Original Research

A short comparative history of wells and toilets in South Africa and Finland

Johannes Haarhoff, Petri Juuti, Harri Mäki
The Journal for Transdisciplinary Research in Southern Africa | Vol 2, No 1 | a310 | DOI: https://doi.org/10.4102/td.v2i1.310 | © 2006 Johannes Haarhoff, Petri Juuti, Harri Mäki | This work is licensed under CC Attribution 4.0
Submitted: 11 March 2016 | Published: 11 April 2006

About the author(s)

Johannes Haarhoff, University of Johannesburg, South Africa
Petri Juuti, University of Tampere, Finland
Harri Mäki, University of Tampere, Finland

Full Text:



This paper describes the technological development of wells and toilets and the cultural practices related to them in two countries, South Africa and Finland, from the Middle Ages to modern times. Wells and toilets have always been linked to the well-being of humans and they still are the most common technical systems in the service of mankind. They are simple to build, but if they are constructed improperly or stop functioning properly, they may endanger the health of both humans and the environment. The solutions used for getting clean water or for disposal of excrement have always been a matter of life and death for human settlements. Located on opposite sides of the world, the climate and natural resources of South Africa and Finland are very different. However, surprisingly similar solutions, for example wind turbines to pump water, have been used in rural areas. Furthermore, urbanization and industrialization occurred in both countries at approximately the same time in the 19th century, which caused increasing environmental problems in Finnish and South African urban areas. The transition to modern water supply and waste disposal systems was a very demanding process for municipal administrations in both countries.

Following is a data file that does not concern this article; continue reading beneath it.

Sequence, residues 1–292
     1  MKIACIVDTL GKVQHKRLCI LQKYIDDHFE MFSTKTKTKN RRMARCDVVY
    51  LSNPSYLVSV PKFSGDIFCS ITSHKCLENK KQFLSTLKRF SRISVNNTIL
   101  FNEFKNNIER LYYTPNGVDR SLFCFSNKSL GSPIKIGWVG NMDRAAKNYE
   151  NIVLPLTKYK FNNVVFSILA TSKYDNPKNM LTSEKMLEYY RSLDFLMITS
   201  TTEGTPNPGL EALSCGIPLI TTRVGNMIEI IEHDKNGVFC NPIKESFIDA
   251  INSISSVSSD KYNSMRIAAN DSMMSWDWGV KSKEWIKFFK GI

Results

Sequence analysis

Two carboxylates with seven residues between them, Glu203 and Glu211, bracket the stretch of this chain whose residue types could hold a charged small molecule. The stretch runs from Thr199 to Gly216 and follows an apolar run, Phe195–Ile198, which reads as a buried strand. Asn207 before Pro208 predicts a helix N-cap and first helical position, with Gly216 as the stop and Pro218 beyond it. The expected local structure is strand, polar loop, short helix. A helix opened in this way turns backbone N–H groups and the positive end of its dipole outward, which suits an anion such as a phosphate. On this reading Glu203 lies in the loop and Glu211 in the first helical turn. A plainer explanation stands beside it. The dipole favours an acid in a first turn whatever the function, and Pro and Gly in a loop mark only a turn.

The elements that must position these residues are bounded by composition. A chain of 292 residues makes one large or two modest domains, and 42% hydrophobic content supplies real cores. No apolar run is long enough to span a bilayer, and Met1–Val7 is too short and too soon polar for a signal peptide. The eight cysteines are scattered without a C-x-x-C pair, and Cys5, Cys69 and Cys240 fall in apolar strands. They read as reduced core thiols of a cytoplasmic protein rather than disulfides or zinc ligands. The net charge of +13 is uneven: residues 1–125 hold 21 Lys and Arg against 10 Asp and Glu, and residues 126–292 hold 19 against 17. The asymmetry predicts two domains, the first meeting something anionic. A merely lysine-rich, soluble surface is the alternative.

Urban environment, wells, toilets, environmental history, South Africa, Finland


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